US7459961B2 - Voltage supply insensitive bias circuits - Google Patents

Voltage supply insensitive bias circuits Download PDF

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US7459961B2
US7459961B2 US11/590,674 US59067406A US7459961B2 US 7459961 B2 US7459961 B2 US 7459961B2 US 59067406 A US59067406 A US 59067406A US 7459961 B2 US7459961 B2 US 7459961B2
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node
bias
resistor
circuit
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Sang Hwa Jung
Jung-hyun Kim
Moon-Suk Jeon
Woo-Yeon Hong
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Avago Technologies International Sales Pte Ltd
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    • HELECTRICITY
    • H03BASIC ELECTRONIC CIRCUITRY
    • H03FAMPLIFIERS
    • H03F1/00Details of amplifiers with only discharge tubes, only semiconductor devices or only unspecified devices as amplifying elements
    • H03F1/30Modifications of amplifiers to reduce influence of variations of temperature or supply voltage or other physical parameters
    • HELECTRICITY
    • H03BASIC ELECTRONIC CIRCUITRY
    • H03FAMPLIFIERS
    • H03F2200/00Indexing scheme relating to amplifiers
    • H03F2200/504Indexing scheme relating to amplifiers the supply voltage or current being continuously controlled by a controlling signal, e.g. the controlling signal of a transistor implemented as variable resistor in a supply path for, an IC-block showed amplifier

Abstract

A voltage-insensitive circuit includes a second circuit, and a biasing means for providing a constant bias current to the second circuit, the bias current being insensitive to power fluctuations of the voltage-insensitive circuit.

Description

BACKGROUND

In various portable devices, such as cellular telephones, the need to provide stable DC operating conditions can be important. To obtain such stable DC operating conditions, a regulated voltage is often used. Such regulated voltages are useful to provide stable low noise amplifiers, variable gain amplifiers and power amplifiers.

Unfortunately, certain portable devices, such as cellular phones and PDAs, may use a battery as it sole power source. Because batteries do not provide constant voltages under varying conditions, electronic circuits that rely on stable DC voltages may perform poorly.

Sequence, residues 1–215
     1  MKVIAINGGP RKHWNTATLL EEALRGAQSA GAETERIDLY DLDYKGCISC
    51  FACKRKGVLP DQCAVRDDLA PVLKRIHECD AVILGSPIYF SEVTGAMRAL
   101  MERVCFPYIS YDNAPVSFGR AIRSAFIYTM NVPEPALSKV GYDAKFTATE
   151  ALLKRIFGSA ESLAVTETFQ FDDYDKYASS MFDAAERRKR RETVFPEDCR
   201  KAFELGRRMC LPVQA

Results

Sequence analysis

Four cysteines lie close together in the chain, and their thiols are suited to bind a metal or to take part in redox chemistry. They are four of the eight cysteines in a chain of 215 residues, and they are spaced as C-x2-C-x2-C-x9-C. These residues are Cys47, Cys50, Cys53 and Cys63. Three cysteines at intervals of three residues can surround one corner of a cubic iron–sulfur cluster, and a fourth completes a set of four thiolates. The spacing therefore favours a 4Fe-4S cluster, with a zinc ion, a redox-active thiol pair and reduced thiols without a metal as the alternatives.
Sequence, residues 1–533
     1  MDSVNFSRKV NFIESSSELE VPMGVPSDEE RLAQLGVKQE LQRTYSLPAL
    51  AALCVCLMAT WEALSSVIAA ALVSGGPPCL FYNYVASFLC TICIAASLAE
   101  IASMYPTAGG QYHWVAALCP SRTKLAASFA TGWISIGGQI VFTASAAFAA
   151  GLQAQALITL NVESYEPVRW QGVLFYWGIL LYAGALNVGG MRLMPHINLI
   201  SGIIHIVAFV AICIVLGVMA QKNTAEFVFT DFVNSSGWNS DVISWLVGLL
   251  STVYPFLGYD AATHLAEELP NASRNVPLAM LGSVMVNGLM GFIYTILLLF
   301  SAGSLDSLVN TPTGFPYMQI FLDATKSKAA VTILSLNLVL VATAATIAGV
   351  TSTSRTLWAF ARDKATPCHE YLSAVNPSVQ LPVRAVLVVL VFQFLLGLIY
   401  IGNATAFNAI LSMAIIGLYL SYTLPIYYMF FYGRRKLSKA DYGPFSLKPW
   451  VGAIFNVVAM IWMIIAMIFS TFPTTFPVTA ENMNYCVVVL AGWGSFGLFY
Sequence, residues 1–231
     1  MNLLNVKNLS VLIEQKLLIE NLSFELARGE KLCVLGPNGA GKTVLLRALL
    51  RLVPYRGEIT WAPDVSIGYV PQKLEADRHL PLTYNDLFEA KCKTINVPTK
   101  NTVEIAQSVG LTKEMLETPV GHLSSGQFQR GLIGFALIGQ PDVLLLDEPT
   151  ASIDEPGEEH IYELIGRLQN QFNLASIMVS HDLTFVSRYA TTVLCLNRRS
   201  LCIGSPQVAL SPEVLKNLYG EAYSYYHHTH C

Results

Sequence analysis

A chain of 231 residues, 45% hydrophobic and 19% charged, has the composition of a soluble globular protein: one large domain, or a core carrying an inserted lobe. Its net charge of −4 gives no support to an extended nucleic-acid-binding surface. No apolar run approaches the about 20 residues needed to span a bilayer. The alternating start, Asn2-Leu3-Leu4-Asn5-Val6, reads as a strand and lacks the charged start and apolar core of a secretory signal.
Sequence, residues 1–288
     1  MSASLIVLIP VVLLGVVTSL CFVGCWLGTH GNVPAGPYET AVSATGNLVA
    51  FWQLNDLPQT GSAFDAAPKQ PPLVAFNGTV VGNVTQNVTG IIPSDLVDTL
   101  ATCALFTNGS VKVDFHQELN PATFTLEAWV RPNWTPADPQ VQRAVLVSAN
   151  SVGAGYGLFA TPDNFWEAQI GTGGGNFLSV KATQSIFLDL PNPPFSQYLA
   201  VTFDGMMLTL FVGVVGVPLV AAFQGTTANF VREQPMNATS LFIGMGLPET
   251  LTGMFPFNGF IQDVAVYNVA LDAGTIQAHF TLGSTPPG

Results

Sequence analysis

In order to compensate for this shortcoming, voltage regulating circuits, such as Low-DropOut regulators (LDOs) are used in conjunction with batteries. However, as the number of functions of portable devices (e.g., multimedia and camera) increase, the number of LDOs may also increase.

Unfortunately, the number of the LDOs available to a portable device may be limited due to area constraints. Thus, it is desirable to develop bias circuitry for amplifiers that can provide constant bias conditions over large battery voltage variations.

SUMMARY

In accordance with an exemplary embodiment, a voltage-insensitive bias circuit includes a first resistor connected between a power voltage node and a voltage divider node, a second resistor connected between a ground node and the voltage divider node, a first bipolar transistor having a first base, a first collector and a first emitter, a fourth resistor connected between the first base and the voltage divider node, a fifth resistor connected between the first collector and the power voltage node, a sixth resistor connected between the first emitter and the ground node, a second bipolar transistor having a second base, a second collector and a second emitter, wherein the second collector is connected to the power voltage node, a seventh resistor connected between the first collector and the second base and a second diode having a second anode and a second cathode, and a third diode having a third anode and a third cathode, wherein the second anode is connected to the second base, the second cathode is connected to the third anode, and the third cathode is connected to the ground node, wherein the second emitter provides a first bias output to a second circuit, the first bias output being appreciably insensitive to voltage fluctuations of the voltage power node.

In accordance with another exemplary embodiment, a voltage-insensitive bias circuit includes a first bipolar transistor having a first base, a first collector and a first emitter, wherein the first base is connected to a first reference node, the first collector is connected to a power voltage node and the first emitter provides a first bias output to a second circuit, the first bias output being appreciably insensitive to voltage fluctuations of the voltage power node, a reference resistor connected between the power voltage node and the first reference node, and a second bipolar transistor having a second base, a second collector and a second emitter, wherein the second base is connected to the first reference node, the second emitter is coupled to a ground node via a first diode and the second collector is coupled to a third transistor.